Joe Talbot's powerful directorial debut highlights the people that urban gentrification left behind: the oddballs, the obsessives, a street preacher, a nudist and a Greek chorus of gang members. But the film's most resonant line goes to a homeless man who looks at a demolition site where people used to own homes and announces, "You never own shit."
What we can and can't own, and what it means to us to own things, are questions at the heart of The Last Black Man in San Francisco. It's a classic underdog story that is also a tender, raging elegy for a whole way of life.
The underdog in question is Jimmie Fails, played by the real Jimmie Fails, a childhood friend of Talbot's. Together they developed a story loosely based on events in Fails' life (in Rolling Stone, he called it "more than 20 percent autobiographical") — namely, his efforts to reclaim the stunning Fillmore Street Victorian that his family owned in his childhood.
The family lost the house decades ago, and Jimmie now rooms with his best friend and coconspirator, the playwright Monty (Jonathan Majors), and Monty's blind, movie-loving dad (Danny Glover). But Jimmie still rides his skateboard downtown regularly to perform upkeep on his beloved Victorian, to the consternation of its current inhabitants.
When the house becomes temporarily vacant, Jimmie seizes his chance and moves in, with Monty in tow. They furnish the place with Jimmie's family heirlooms and set to work bringing it back to life.
Viewers who know anything about today's San Francisco, the land of Google commuter buses, açai bowls and multimillion-dollar listings on every corner, know Jimmie's dream is doomed. He's been priced out of his past. That doesn't make it any less wrenching to watch him try to persuade a loan officer that he'll never miss a payment because no other buyer shares his commitment to this property.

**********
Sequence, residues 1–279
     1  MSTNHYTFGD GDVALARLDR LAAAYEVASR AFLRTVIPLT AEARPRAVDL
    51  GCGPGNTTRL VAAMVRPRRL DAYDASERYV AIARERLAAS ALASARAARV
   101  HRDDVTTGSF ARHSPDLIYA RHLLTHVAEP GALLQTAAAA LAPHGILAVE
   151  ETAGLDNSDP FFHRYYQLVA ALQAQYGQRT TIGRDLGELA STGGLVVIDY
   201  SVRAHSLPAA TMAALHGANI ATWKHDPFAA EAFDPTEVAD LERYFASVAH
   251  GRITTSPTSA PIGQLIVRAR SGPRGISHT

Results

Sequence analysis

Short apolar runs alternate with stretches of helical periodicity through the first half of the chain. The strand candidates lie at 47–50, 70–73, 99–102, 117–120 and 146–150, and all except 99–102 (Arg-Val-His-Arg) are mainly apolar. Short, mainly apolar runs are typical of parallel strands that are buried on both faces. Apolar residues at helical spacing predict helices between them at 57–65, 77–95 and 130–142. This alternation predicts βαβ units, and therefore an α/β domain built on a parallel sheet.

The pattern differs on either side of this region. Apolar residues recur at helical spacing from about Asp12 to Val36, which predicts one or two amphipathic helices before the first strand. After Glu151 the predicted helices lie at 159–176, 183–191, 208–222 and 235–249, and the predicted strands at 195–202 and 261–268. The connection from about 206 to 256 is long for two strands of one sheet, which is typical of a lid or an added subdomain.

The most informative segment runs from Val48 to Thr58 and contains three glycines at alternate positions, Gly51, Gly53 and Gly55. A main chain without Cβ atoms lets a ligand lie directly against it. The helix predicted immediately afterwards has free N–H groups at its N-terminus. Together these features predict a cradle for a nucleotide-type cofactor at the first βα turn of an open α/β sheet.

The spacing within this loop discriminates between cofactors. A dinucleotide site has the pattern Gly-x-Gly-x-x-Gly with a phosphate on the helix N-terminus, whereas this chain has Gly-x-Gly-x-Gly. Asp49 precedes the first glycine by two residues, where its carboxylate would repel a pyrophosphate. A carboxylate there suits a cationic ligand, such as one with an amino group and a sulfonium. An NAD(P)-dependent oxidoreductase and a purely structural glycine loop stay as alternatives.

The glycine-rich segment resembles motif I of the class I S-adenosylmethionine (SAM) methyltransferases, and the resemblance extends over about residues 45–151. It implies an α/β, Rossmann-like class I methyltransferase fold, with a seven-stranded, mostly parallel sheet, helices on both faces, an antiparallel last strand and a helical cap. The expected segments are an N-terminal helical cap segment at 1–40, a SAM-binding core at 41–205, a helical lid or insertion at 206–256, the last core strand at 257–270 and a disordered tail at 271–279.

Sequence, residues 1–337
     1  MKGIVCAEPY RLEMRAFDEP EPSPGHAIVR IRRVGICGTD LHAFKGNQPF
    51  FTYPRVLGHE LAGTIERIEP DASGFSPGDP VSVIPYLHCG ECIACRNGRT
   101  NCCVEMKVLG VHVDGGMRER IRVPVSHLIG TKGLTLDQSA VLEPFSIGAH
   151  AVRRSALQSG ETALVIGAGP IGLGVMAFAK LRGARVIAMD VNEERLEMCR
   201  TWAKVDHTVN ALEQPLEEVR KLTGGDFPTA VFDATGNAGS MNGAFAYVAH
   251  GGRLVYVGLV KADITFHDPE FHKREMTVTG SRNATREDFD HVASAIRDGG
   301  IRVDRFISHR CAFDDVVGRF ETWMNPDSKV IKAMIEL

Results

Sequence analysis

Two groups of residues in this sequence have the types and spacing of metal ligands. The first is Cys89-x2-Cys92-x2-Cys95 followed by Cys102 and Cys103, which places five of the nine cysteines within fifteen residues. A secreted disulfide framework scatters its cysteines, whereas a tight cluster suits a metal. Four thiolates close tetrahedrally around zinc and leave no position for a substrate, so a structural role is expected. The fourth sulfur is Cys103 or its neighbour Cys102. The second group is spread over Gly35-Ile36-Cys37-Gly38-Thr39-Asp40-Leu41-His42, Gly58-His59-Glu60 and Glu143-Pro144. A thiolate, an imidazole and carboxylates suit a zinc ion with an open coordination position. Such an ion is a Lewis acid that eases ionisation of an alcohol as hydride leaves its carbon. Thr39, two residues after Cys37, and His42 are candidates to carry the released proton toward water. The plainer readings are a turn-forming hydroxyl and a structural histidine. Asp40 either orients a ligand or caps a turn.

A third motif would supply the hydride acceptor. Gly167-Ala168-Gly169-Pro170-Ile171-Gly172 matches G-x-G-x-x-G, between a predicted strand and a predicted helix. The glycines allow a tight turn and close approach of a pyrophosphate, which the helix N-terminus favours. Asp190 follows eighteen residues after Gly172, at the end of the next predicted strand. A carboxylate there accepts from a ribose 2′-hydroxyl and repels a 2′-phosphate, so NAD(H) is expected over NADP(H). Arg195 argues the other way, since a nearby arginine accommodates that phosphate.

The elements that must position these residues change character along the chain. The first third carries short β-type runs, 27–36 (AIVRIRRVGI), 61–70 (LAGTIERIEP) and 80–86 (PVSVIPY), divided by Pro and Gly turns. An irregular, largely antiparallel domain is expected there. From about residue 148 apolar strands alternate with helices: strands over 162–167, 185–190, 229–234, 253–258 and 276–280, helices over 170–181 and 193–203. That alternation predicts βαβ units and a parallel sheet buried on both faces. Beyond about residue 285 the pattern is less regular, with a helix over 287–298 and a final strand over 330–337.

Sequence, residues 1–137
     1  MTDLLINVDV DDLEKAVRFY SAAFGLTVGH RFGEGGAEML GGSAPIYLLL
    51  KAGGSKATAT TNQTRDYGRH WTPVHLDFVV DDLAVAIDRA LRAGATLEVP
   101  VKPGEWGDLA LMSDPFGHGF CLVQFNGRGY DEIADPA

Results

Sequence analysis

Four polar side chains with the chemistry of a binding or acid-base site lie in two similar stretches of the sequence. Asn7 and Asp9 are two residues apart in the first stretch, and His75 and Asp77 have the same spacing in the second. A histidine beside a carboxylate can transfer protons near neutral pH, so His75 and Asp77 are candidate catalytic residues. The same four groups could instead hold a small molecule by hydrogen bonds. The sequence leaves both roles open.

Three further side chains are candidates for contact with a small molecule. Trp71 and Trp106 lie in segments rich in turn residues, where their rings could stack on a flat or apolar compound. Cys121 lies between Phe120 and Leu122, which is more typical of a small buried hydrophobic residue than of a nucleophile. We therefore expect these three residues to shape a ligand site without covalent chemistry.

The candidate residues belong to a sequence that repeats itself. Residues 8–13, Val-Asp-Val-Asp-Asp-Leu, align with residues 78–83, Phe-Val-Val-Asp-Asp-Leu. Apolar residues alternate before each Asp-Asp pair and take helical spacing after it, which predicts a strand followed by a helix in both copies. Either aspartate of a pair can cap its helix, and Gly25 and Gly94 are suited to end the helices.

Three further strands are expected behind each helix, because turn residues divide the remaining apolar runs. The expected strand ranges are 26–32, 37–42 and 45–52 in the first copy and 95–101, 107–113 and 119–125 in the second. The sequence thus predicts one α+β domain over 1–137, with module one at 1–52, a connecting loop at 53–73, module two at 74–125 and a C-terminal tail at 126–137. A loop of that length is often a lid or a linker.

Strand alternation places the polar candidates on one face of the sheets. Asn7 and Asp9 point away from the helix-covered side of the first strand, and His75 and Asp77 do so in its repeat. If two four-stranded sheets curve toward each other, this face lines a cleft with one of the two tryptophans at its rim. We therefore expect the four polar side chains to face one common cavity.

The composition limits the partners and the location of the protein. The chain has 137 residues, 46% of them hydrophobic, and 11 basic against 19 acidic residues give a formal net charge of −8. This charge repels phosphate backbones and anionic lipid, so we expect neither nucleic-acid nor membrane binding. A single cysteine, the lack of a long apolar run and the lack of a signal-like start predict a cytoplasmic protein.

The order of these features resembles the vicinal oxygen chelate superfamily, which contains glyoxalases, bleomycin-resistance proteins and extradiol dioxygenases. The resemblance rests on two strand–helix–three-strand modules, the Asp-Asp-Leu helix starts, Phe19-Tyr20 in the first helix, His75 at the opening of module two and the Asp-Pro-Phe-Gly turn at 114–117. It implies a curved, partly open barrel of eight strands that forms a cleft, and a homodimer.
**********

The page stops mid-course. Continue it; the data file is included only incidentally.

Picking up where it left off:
Playing two different shades of moody introspection, but always open to the camera, Fails and Majors create the kind of characters we want to see succeed. Majors makes Monty particularly affecting in his unpretentious struggle to filter the world through art, finding beauty in the trash-talking gangbangers on his corner.
Talbot's style is poetic and stylized, reminiscent of Barry Jenkins; key encounters are shot in close-up, and the music has the presence of a character. While some scenes suggest boldly lit theatrical tableaux, there's gorgeous fluidity in a shot that follows Jimmie down one of the city's famous hills on his board.
Viewers might sometimes be reminded of Be Kind Rewind, which also featured a misfit duo with a quixotic commitment to the past. While Michel Gondry's movie was too whimsical to make its audience uncomfortable, though, this one gets darker.
Dispossession is its theme, yet who can own San Francisco? Fails and Talbot take well-aimed shots at the white techies who have appropriated a formerly vibrant African American neighborhood, but they don't stop there. The same area, Jimmie tells us, was home to Japanese Americans until they were sent to internment camps. The further back you look at a place, especially a place as heartbreakingly beautiful as San Francisco, the more layers of hope and dispossession you find.
That doesn't mean Jimmie's personal dispossession doesn't matter — it does. His yearning to own his history becomes more resonant with every shot of this gorgeous film, until we understand exactly what he means when he says of the city, "You can't say you hate it unless you love it."